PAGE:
There was a time, not that long ago, when VMware Inc.'s products were the virtualization solutions.
By submitting your personal information, you agree that TechTarget and its partners may contact you regarding relevant content, products and special offers.
These days, however, VMware is just one of a panoply of virtualization options. Now, some IT shops consolidate their VM infrastructure on other solutions, such as Microsoft Hyper-V, in part because Microsoft offerings can be closely integrated with it.
There are a number of different ways to move an existing virtual machine (VM) from VMware to Hyper-V, but Microsoft has a tool of its own to do the job: the Virtual Machine Converter (VMC), which is currently in release candidate status. Its job is to convert VMware VMs, including their attendant hard disk images, into Hyper-V VMs.
As you might guess, VMC's conversion functionality is strongly Windows-centric. It supports converting VMs running either Windows Server (2003, 2008) or Windows Vista/7 to Hyper-V hosts that run under Windows Server 2008 R2 SP1, Microsoft Hyper-V Server 2008 R2 SP1 and 2012 RC, and the Windows Server 2012 RC. Other, non-Microsoft, host OSes aren't supported, because the conversion process for VMs includes making changes to the host OS.
VMC can convert a virtual disk or both the disk and the machine description file. The former is the advanced option, because it's up to you to provide a proper virtual machine in Hyper-V to employ the disk. The latter is easier, but has a few more prerequisites, which are described in the product's documentation.
(The caveat here is that Windows Server 2003 disks can only be converted offline.)
VMC also comes in two basic incarnations: a scriptable command-line interface and a convenient GUI. The former works with conventional batch scripts or PowerShell scripts, so it can be used as part of a programmatic effort to convert multiple VMs at once. The latter uses a wizard-driven interface, so it makes one-off conversion of VMs easy and lets you step through the whole process a bit at a time.
The VMC was recently in a public beta-test period, offered via Microsoft Connect. It's a valuable addition to the growing arsenal of Hyper-V tools out there, especially for those converting their virtualized infrastructure from VMware's offerings.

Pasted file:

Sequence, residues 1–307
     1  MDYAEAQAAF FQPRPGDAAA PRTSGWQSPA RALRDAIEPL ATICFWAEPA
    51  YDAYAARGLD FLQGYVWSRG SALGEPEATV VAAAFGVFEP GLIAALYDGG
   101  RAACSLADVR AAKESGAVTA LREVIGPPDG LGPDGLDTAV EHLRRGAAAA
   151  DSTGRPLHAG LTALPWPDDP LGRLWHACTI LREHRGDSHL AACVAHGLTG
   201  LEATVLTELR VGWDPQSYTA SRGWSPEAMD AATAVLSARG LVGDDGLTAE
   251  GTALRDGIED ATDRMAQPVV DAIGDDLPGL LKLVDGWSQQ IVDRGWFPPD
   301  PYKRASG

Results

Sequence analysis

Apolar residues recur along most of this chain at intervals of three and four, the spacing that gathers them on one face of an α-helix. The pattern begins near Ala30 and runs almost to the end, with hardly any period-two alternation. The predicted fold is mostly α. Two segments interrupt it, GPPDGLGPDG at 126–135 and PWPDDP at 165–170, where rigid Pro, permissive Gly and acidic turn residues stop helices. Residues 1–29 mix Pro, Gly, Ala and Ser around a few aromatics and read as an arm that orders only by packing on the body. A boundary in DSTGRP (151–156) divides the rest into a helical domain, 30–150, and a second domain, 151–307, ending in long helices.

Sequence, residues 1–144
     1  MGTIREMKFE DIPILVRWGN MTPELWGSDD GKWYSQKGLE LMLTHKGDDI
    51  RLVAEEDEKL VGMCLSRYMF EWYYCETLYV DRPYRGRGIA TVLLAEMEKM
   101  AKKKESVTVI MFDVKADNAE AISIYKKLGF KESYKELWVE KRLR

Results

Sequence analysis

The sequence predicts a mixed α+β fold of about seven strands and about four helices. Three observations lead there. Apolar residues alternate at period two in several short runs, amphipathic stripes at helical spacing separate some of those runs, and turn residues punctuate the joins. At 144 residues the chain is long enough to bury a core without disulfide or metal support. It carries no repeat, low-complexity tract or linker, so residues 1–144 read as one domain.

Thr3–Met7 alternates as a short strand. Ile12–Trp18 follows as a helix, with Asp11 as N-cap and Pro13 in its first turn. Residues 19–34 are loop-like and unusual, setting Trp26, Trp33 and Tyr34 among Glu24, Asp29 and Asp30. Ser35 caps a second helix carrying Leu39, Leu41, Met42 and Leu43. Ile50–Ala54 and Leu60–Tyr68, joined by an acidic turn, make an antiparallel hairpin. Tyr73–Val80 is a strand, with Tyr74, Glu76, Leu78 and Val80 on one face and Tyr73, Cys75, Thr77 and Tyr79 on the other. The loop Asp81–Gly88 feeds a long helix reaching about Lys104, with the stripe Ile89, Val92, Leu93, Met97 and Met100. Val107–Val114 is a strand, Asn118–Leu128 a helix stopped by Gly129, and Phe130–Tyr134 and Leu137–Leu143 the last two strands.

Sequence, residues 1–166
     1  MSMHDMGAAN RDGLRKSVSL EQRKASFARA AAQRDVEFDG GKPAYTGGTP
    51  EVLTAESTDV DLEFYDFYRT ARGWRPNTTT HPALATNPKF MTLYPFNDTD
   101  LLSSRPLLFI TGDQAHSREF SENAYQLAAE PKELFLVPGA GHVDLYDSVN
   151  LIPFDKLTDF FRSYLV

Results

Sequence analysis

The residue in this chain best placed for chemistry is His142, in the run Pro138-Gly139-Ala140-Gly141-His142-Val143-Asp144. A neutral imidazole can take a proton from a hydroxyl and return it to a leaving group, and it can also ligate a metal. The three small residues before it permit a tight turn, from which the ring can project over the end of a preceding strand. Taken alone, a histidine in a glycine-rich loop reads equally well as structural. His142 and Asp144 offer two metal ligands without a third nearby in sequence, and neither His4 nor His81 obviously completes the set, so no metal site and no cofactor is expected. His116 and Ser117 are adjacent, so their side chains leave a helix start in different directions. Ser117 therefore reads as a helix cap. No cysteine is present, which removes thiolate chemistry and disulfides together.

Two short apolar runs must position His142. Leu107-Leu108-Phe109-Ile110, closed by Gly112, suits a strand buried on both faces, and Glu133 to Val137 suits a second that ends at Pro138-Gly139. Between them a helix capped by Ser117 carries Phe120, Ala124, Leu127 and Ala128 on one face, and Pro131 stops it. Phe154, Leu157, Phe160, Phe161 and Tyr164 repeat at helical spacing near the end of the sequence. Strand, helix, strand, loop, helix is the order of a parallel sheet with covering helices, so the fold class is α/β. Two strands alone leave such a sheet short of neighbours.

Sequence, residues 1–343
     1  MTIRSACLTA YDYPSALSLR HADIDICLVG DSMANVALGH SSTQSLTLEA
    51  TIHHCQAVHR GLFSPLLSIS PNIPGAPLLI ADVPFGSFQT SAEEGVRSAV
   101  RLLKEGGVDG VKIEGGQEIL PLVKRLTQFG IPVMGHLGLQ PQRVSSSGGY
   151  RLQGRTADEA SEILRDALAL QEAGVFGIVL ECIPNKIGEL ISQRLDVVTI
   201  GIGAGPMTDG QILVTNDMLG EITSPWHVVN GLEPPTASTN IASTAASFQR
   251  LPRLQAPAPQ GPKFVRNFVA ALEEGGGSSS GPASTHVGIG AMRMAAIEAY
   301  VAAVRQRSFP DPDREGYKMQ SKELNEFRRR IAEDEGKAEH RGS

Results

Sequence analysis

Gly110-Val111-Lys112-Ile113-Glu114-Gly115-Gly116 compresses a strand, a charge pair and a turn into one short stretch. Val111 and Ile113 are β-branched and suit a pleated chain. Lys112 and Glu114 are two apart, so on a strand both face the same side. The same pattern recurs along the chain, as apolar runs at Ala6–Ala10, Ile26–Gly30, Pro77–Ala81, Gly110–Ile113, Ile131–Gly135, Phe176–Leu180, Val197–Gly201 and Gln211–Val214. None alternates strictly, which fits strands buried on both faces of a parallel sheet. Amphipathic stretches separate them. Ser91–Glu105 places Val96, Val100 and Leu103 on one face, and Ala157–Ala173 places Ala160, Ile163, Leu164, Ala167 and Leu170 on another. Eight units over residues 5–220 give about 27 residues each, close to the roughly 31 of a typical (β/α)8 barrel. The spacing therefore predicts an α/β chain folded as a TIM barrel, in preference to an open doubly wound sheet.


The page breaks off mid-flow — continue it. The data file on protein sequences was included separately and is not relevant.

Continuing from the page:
No matter what the approach, here are the top things to keep in mind when using the tool to perform a conversion:
The VMware virtual machine to be converted must be running when conversion is initiated.
For a variety of reasons, VMC can't work on a stopped VM. Bear this in mind if it's not possible for you to have all the VMs to be converted running at the same time -- for instance, because of physical limitations on the part of the host (such as not having enough memory). You may need to bring up the VMs to be converted in batches and convert them a few at a time -- something to note if you're automating the process.
VMs to be converted must meet some other key prerequisites.
Specifically, they need to have VMware tools installed (see below for more on this); they must be joined to an Active Directory domain and have a DNS name; and they must have WMI enabled on both the VM and the Hyper-V host that is the conversion target. Having WMI not enabled on the source VM is a common stumbling block, since there may be environments where it's not used.
VMware tools are uninstalled automatically from the converted VM and replaced with Microsoft's own integration services where needed.
This ensures the VM can be migrated cleanly to a Microsoft environment, without the presence of VMware's VM services as a possible stumbling block. The way VMC does this is actually non-destructive: It takes a snapshot of the VM in question, shuts down the VM, converts it (removing the tools in the process) and then restores the snapshot on the source VM, so the original can continue to be used if anything breaks. Integration services are then added to the converted disk, if you're running a version of Windows that isn't hypervisor-aware, such as Windows Server 2003.
The user account used to run VMC needs to have proper permissions.
Specifically, the user account has to be recognized as a local administrator on the source VM and must have write access to the conversion destination. If you're doing a batch conversion, you might want to create an account that has the needed privileges for the machines in question and use that, then disable the account in question when you're done, as a security measure.
Dynamically-sized VHDs are expanded to their full size post-conversion.
VMC works with a great variety of source disk types, including both dynamically sized and fixed disks. However, when a dynamically sized disk is converted, the resulting disk is always expanded to its full size. To that end, make sure you have enough room on the destination system for the fully expanded disks. It is possible to edit the disks after conversion and reduce their size via the Edit Virtual Hard Disk Wizard, but for the most part you're best off making sure you have the space to begin with.